The parading and re-enactment was just part of the entertainment. In the station car park was Corporal Jones's butchers van, a few vintage cars, a swing band playing 40's music including a rendition of 'Who do you think you are kidding Mr Hitler', which was accompanied by the entire platoon, and a makeshift NAAFI serving spam sandwiches, tea and ale. All members of the platoon made themselves available for snapshots and were very amiable in making conversation with the general public, providing information about themselves, the museum in Thetford and a few snippets of information about The Home Guard. Their uniforms were authentic and they provided a useful bit of information about wearing this coarse fabric - the inside would have to be liberally spread with soap and then shaved to make them less irritable to the skin!
In all an interesting and entertaining day where a wealth of Dads Army quotes were liberally used and abused throughout the occasion
Pike was constantly taunted by both Mainwaring and the visitors with a liberal dowsing of
You stupid boy and
Dont tell them your name Pike. He did have his own lines, most notable when Hodges was giving Naploean, aka Mainwaring, some grief whereby Pike volunteered
Shall I shoot him Captain Mainwaring?
Jones was the only member to not be wearing a uniform, being dressed in his butchers attire but this did not prevent plenty of utterances of
Permission to speak sir! and of course
They don't like it up 'em!
The only time the inimitable
We're doomed was heard was from the visitors on the station platform. Sergeant Wilson carried his character off wonderfully with regular touching of his beret to make sure it was in pristine place and
would you mind awfully falling in.
It was with a hint of sadness leaving this scene, but the day was ending and we boarded the train back to Sheringham only to have the window rapped by each member of the platoon.
Have you seen the King? they enquired. We hadnt. We had seen many people but unfotunately the King was not in evidence at all.
A simple circular route following clifftop paths in one direction and the beach in the other.
From Woodhill Park there is a path that runs along the cliff top, past West Runton and in front of Beeston Regis caravan site. Here it joins the official coastal footpath for the ascent up Beeston Bump. You can now follow the National Trail acorns down into Sheringham. Planning this walk right you will then be able to walk the shoreline all the way from Sheringham to Cromer. To return from Cromer follow the cliff top path to Cromer Bowls club where erosion forces the walker onto the road through to East Runton and back to where the walk starts.!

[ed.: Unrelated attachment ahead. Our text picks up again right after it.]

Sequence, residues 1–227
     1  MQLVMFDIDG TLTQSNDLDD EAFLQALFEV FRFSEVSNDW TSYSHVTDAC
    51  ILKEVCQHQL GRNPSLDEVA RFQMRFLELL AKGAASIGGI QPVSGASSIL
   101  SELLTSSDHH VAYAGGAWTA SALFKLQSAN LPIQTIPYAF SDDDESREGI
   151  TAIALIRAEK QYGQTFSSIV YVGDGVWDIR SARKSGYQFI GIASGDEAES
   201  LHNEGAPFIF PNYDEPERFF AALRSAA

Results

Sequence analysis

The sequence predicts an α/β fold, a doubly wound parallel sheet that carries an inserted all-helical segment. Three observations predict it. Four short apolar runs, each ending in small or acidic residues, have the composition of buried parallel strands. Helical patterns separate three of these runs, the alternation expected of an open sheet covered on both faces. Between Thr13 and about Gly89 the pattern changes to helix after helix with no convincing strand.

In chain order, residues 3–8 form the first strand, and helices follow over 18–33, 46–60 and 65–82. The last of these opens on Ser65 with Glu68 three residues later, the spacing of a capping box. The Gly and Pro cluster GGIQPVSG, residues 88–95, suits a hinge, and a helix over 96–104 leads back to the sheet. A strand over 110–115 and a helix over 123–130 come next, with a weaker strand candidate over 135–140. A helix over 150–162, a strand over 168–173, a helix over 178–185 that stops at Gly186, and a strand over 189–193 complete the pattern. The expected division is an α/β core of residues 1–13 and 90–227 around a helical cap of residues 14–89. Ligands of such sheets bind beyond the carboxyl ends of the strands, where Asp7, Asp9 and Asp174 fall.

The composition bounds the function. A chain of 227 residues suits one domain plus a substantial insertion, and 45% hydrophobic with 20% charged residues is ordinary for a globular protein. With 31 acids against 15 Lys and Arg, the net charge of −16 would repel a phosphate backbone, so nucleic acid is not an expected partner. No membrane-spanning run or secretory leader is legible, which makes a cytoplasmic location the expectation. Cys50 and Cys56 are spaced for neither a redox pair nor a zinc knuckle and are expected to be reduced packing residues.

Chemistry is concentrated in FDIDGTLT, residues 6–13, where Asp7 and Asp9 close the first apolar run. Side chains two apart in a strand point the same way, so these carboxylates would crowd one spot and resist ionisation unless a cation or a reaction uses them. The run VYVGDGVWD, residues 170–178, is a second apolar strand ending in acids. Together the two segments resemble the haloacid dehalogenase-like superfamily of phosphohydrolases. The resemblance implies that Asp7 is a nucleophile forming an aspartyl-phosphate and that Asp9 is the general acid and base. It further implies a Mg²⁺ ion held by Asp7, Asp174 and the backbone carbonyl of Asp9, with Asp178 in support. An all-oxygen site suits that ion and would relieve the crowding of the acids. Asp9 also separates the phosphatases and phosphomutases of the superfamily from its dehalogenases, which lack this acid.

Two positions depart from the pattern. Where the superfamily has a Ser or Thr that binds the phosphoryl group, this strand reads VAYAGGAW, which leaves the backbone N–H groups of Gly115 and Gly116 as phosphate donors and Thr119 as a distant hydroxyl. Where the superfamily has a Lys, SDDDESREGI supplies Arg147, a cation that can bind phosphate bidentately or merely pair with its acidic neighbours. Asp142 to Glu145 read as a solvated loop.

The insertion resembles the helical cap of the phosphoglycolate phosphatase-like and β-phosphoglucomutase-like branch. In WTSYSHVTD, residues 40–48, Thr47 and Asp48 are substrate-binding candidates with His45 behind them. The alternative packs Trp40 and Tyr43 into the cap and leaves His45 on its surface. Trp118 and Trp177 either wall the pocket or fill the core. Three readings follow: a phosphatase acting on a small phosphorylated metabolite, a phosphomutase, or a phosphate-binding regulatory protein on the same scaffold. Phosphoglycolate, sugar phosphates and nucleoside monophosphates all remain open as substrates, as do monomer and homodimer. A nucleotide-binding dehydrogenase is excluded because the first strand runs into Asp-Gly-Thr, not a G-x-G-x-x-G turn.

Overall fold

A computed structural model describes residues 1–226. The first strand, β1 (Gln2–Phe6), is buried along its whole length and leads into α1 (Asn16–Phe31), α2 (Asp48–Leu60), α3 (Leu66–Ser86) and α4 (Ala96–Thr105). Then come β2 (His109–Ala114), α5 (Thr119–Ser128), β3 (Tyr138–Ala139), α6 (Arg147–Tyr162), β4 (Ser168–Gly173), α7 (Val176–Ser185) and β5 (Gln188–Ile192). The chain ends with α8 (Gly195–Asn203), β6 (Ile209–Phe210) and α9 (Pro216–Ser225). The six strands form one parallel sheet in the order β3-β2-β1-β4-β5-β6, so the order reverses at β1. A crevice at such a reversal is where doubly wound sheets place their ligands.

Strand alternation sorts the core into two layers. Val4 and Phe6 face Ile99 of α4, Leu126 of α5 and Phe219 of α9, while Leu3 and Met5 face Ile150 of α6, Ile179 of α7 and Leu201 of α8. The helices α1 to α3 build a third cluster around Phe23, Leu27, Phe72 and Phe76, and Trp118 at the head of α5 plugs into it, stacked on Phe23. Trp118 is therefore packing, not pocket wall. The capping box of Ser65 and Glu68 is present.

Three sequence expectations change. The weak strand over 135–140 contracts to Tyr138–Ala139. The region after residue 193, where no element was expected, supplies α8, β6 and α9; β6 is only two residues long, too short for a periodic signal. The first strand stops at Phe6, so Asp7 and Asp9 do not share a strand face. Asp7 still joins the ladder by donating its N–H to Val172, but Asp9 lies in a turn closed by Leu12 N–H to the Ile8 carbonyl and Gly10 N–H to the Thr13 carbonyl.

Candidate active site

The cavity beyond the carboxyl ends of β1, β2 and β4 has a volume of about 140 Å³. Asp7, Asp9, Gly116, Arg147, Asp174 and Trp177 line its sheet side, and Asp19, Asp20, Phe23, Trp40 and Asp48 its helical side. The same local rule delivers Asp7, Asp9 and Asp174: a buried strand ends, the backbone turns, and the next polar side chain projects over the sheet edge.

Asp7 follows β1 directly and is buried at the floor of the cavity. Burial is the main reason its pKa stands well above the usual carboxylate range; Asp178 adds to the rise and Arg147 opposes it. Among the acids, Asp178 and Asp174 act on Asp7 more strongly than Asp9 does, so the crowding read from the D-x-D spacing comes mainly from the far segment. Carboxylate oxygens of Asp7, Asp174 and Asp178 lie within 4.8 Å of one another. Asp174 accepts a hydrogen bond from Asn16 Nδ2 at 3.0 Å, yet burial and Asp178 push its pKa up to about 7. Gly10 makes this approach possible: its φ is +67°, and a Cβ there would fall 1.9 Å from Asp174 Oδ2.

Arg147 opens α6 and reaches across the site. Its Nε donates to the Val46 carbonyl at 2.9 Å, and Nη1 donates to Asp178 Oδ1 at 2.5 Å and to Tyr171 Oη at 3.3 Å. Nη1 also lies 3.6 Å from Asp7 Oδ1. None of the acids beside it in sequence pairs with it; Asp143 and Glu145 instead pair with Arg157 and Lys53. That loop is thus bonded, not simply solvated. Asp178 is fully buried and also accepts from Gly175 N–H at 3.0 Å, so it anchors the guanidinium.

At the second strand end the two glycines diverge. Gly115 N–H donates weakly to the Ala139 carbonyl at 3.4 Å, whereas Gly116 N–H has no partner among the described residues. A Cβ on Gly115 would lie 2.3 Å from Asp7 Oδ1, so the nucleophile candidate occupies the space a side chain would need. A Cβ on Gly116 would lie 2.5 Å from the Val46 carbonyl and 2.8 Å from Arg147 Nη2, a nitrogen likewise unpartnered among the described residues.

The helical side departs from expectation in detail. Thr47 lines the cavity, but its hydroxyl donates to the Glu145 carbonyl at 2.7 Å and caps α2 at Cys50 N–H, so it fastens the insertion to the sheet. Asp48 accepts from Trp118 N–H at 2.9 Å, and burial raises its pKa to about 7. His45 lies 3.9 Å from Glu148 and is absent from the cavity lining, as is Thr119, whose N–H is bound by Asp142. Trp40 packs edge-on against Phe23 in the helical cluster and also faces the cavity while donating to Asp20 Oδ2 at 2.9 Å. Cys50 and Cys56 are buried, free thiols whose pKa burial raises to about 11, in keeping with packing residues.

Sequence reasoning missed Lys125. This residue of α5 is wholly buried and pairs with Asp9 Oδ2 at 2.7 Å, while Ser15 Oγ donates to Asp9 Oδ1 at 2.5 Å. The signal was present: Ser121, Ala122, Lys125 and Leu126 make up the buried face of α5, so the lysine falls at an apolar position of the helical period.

NAAFI Bar, Weybourne View in OS Map | View in Google Map
- Weybourne Station, Weybourne
A temporary bar set up for special events on the North Norfolk Railway. Serves tea, coffee, sandwiches and offers a variety of Wolf brewery ales
Wolf beers have, in my opinion, improved over the last few years and the Golden Jackal was a worthwhile and refreshing pint of beer, straight from the barrel and even though served in a plastic pot, was something to savour.
Weybourne StationView in OS Map | View in Google Map
There was never a station intended for the village of Weybourne when the Midland and Great Northern Joint Railway company built the line that connected Sheringham and Holt. The location of the station is over one mile from the village and was only built at the behest of a owner of the nearby Weybourne Springs Hotel in 1900, some years after the line was constructed.
The line that passed through the station operated until 1964, 5 years beyond the Beeching cuts, but the axe finally fell with the closure of the Melton Constable to Cromer branch. The Midland and Great Northern Society was already in existence at the time, having been set up with the initial wave of line closures from the Beeching cuts. They were soon in negotiations with British Rail to reopen the branch line from Sheringham as a preserved railway. The society had originally occupied part of Weybourne station buildings as an office.
Today the station remains virtually in its original form although the roof and canopy was replaced in 2004 and more recently the gents toilet has been restored to its original condition. The signal box which now occupies space on Platform 1 came from Holt whilst the adjacent waiting room is a replica of the original building that occupied the location. The iron footbridge comes fom Stowmarket station, being aqueired during the electrification of the Norwich main line in the mid 1980's and being erected at Weybourne on 19th November 1989
The station has also been featured in many TV and film productions, arguably the most famous being the Dads Army episode of 'The Royal Train'. Other appearences occur in Hi De Hi, Love on a Branch Line, which was a four part BBC drama series, and The Lost Prince, another BBC drama production.
Links and Bibliography:
Below is the route depicted on the OpenStreetMap, Ordnance Survey Map and Google Map. Links to full page versions are found in the Essential Information
Summary of Document Changes
Last Updated: ... 2016-01-16